At the southern tip of Manhattan, only a stone’s throw away from Wall Street’s intersection with Broadway, stands a ferocious bronze bull ready to charge. A symbol of American Financial Might, this statue played a central role in millions of photographs throughout the 90s – either alone and confident for countless corporate annual reports, or with tourists straddling his neck ecstatic to be riding the bull market wave that made more paper millionaires in five years than had ever existed. I’ll admit, I resented those friends of mine who bragged of their new-found wealth and “sure-thing” stock picks while I sat on the sidelines afraid to get burned; it all sounded too good to be true. Now, in 2002, we all know it was. I never expected my 401k to become a 301k in so short a time (the ride back always seems shorter).
So, with no meaningful investments left to follow, I paid that old bronze bull a visit last month, only to find him dreadfully alone. Anyone in the know would tell you that the bull market had passed and the bears are out of hibernation.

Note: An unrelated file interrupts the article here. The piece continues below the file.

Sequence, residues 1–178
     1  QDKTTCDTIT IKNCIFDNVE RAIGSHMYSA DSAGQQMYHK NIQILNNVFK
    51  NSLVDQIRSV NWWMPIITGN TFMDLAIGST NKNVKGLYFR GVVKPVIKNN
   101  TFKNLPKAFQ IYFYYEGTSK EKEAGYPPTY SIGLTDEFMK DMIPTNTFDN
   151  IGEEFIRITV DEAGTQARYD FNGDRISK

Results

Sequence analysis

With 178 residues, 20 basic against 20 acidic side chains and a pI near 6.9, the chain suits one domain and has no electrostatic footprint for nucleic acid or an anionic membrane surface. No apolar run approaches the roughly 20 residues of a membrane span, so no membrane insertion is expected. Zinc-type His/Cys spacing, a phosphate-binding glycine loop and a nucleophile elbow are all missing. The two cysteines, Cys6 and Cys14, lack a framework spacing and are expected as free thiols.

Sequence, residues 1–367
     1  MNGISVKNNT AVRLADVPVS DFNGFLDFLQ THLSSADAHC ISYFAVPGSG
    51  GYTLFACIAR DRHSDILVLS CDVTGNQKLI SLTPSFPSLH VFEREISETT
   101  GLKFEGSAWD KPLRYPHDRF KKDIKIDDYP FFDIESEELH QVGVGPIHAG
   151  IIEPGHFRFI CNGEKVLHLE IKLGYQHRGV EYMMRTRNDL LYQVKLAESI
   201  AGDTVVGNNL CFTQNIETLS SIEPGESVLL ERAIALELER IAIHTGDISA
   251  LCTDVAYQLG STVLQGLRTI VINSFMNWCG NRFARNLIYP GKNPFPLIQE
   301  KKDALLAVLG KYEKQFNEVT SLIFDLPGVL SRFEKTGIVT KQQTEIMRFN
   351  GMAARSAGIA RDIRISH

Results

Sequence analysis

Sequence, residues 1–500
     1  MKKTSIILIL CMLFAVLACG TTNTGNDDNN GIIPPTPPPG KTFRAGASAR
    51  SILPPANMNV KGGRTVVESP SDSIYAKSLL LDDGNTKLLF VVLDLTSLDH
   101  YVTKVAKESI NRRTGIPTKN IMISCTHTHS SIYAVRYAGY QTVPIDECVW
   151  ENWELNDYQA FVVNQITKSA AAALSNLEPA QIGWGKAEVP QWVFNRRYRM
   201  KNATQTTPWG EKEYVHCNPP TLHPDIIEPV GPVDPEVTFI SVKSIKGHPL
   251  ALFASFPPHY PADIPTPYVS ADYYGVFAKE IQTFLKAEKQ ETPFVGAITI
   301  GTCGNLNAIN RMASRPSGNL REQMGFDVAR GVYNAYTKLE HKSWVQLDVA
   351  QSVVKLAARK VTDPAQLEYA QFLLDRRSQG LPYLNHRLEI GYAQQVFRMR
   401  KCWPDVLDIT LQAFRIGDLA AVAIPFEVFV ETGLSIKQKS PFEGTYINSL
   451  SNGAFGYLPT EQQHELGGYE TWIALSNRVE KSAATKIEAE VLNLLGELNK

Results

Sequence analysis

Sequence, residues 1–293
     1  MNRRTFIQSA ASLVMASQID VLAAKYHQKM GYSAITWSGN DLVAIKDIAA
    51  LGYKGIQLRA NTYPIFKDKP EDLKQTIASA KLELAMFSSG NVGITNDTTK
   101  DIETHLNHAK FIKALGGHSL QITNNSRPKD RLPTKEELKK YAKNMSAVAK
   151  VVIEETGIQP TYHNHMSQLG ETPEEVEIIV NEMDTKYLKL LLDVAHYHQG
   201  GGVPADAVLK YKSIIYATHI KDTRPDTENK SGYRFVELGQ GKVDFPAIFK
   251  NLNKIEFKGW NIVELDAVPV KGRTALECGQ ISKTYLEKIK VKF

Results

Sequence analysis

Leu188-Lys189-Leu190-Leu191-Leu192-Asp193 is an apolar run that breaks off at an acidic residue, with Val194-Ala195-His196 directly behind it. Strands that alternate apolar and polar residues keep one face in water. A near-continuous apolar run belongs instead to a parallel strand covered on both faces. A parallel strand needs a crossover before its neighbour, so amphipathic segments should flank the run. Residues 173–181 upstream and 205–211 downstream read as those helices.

While there exists no universally accepted theory explaining the origin of these animate market descriptors, the most popular one revolves around the way these mammals attack their prey. In the wild, bears traditionally swat their massive claws down, pinning and disorienting their adversaries. Bulls, on the other hand, charge their rivals, heads low, only to scoop them up into the air with their forceful horns.
Their pin-striped counterparts – whether in New York, Chicago, London or Tokyo, all exhibit similar (though usually less violent) mannerisms. Wall Street bears may believe, for example, a given stock is overvalued and will sell it with the intention of buying it later at a lower price; they want to push prices down. (Unlike the real world, it is perfectly acceptable in financial markets to sell something you don’t yet own). Bears’ opposites, the bulls, would see a stock as undervalued and buy first; they are happiest watching prices soar.
The economic connotations of these words can be traced back to the mid 17th century, but may be on the verge of becoming merely an historic footnote. In the wake of countless corporate scandals that rocked American equities, it may be time to choose new animal mascots to represent financial market trends. The kangaroo comes to mind – with its wild up and down movements, and deceptively violent streak. Or the other extreme – the penguin, a gentle enough bird, but ultimately flightless.